Shortly after we did this, one of the kayakers from earlier came back out with a camera to go photograph some of the nesting waterfoul. Kevin and I took a breather for a while and then went back to our mission of covering our entire kayaks in Pike slime. By the time 6pm came along we easily had over 60 pike into the kayaks collectively and decided to let the wind, which was now blowing towards the launch, take us home. We had a large audience by now of homeowners sitting in their yards and on their docks. As the wind blew us back I managed to tie into 2 30 inch Pike right in front of them all while standing up in my kayak. It definitely showed them the capabilities of these fishing machines and that we didn’t need a $25,000 – $30,000 boat to have an amazing time on the water.

As we neared the launch Kevin started pitching his lure in close to the piers and boat lifters. He had one cast that threaded the needle and landed in the perfect location. As he was reeling it in, he felt the heart pounding thump of a freight train taking his lure. The fight was on. I could tell from his reaction and the bend in the rod that he was going to beat his personal best of 30″ with this fish. I reeled in my line and started to head his way when I say the bottom of the jaw of this beast break the water. I knew right then that he had a great fish. Despite the adrenaline and sheer joy of hooking into a beast, Kevin brought this big old girl in without an incident. That is when the you know what hit the fan. By this time I had paddled next to him to assist him how ever I could help. As he was trying to remove the lure from this mouth full of teeth ready to amputate a finger or two, the fish spun and flipped out of the kayak ramming the lure into Kevin’s shin on its way. Kevin grabbed the braid line and pulled the ole girl back in and did a quick damage assessment. Just a minor flesh-wound on his leg. We got the hook our and put the fish onto the bump board. She filled it and then some. She hung about 1″ over the end making her a 37″ Northern Pike and Kevin’s personal best.

Now the best part, remember that kayaker photographing birds? Well he had probably close to $1500 of equipment hanging there and was snapping pictures the whole time we caught fish on the way back. I wish I could post some of the pics we have from our cameras, since we haven’t got the pictures for  the photographer yet, but because we were testing a couple of prototypes, I can’t post them yet.

One thing I can post is a few picture of a hungry Northern Pike that will show why these aggressive predators are my favorite species.The Pike in this picture was 37″ long, same size as Kevin’s, and drowned trying to have a snack. It could be because the snack was a 5lb White Sucker that it took head on. The Sucker was so large that it got stuck and the Pike died because it could no longer get water over it’s gills due to the fact this Sucker was just too big. I pulled the sucker out and weighed it and everyone was shocked at the size of it. This just goes to show that the bigger the bait, the bigger the Pike!!




Tight Lines and See You At The Launch


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Spring Time News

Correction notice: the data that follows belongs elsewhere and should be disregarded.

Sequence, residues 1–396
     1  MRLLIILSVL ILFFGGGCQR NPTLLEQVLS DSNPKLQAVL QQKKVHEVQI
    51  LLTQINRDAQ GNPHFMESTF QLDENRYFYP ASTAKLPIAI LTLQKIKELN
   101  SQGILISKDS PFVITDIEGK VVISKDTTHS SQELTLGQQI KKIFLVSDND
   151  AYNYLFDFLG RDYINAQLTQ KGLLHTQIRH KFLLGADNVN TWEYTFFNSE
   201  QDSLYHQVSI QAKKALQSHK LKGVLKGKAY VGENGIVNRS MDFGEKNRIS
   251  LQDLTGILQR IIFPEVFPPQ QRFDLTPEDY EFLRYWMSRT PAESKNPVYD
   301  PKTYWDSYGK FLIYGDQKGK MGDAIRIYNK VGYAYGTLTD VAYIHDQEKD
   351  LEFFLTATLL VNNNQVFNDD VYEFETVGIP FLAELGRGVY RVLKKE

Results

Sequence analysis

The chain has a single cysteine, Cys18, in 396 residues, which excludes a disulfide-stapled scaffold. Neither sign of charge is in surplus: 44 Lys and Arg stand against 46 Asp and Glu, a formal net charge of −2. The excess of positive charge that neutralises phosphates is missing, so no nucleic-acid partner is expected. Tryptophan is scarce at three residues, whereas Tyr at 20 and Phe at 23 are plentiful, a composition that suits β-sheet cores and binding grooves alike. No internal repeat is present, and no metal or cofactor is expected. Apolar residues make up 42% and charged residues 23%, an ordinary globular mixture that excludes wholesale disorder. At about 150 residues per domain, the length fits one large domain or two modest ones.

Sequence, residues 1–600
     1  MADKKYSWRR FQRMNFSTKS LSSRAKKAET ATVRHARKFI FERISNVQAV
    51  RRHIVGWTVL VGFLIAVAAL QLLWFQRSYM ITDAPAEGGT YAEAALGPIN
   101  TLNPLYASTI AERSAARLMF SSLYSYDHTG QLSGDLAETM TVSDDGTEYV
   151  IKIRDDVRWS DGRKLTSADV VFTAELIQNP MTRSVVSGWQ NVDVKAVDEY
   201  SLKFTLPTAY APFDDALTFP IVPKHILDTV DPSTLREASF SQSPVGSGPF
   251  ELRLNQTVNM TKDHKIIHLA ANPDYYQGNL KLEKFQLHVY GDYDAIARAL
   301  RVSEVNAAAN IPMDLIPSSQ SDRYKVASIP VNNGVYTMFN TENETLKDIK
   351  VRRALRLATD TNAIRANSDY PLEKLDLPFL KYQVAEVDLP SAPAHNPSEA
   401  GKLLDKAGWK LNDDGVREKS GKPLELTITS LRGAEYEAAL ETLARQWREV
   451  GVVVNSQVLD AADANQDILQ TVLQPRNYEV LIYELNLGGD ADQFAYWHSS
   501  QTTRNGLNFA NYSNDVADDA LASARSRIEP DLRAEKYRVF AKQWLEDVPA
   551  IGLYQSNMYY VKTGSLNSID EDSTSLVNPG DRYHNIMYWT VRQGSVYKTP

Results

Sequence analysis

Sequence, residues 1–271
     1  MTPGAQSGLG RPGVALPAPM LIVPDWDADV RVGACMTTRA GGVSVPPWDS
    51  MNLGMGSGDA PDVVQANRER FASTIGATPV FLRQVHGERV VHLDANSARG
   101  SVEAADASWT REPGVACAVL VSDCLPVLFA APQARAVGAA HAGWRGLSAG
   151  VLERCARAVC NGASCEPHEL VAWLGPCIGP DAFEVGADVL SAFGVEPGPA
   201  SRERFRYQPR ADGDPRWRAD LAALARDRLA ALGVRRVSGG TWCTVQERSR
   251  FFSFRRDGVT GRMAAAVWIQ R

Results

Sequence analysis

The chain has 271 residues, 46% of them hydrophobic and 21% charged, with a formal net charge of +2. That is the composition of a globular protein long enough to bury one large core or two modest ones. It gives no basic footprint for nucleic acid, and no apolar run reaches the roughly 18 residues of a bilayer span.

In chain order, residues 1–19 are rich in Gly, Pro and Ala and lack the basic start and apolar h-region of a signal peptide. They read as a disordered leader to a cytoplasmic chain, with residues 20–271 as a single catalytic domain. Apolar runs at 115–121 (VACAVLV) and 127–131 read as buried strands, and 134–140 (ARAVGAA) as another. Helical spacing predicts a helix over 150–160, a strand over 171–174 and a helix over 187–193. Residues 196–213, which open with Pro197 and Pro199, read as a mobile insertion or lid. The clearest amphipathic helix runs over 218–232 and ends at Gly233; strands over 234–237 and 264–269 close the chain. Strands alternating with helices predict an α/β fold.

Well it is now official….

I am the first Official Canadian Wilderness Systems Fishing Team member. I am very excited to be a part of such a great fishing team and to be involved such great kayak anglers. While a lot of the fish they all pursue and catch are not found in Alberta, there are some that are and many techniques and tips that I will be able to learn from them all.

Along with that I am now on the Adventure Technology Paddles Pro-Staff as well. Add in the fact that I have happily been on Scotty Fishing Products team for the past year and I have a trifecta of great sponsor for 2014. I have stood behind all these products prior to being a part of their Pro-Staff and will continue to stand behing the thop quality products they deliver.

Top all this off with the fact that my little guy is gonna be 3 this summer and already stands on the bow hatch of my Ride 135… Yep Fishing Buddy is ready!!!!

I will be heading out as soon as the season opens on May 15th and trying my luck for some big old spawning pike and try to break in a few new rods and lures. Along with that is the fact that my brother is flying out during that time for work, I might have to take him out to Wabamun Lake and get him his first Northern Pike.

I have already started working with a few suppliers on testing out products for kayak fishing and let me tell you, this is gonna be a great year. I am excited to have a couple of Garmin cameras to try out on the water this year and shoot some amazing videos. I can’t give an in-depth write-up yet, but from what I have played with so far, these are amazing cameras and will be a great asset for kayak anglers. I have also been privy to a few up and coming prototype from Wilderness systems and let me tell you that Wilderness Systems did not spend the winter hiding from snow. They have been hammering out a ton of new products and I can’t wait until they start arriving for consumer use.

Also this year I have taken on Tournament Director responsibilities for the Eastslope Kayak Fishing Classic and it is already shaping up to be a banner year. So many things to talk about but too many other things to get done today.

Don’t forget to renew your fishing licenses and get out on the water as soon as you are able.

My mission this year is one I hope many others take up as well. I am committed to introduce a ton of new people to kayak fishing and I plan on taking at least 4-6 kids out kayak fishing to show them how much fun can be had close to home.


Tight lines and see you at the launch



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Gearing up for the season

Well with the winter slowly starting to creep away it is once again time for all of us kayak anglers to start getting our boats ready for the start of the open water fishing season. This also happens to coincide with Tradshow season!!!! I was recently at the Calgary Sportsmen Show working with the great at folks at Aquabatics Calgary and Wilderness Systems Fishing Kayaks. We had a Ride 135 Advanced Angler and a Tarpon 120 both rigged and ready to fish on display for everyone to look over.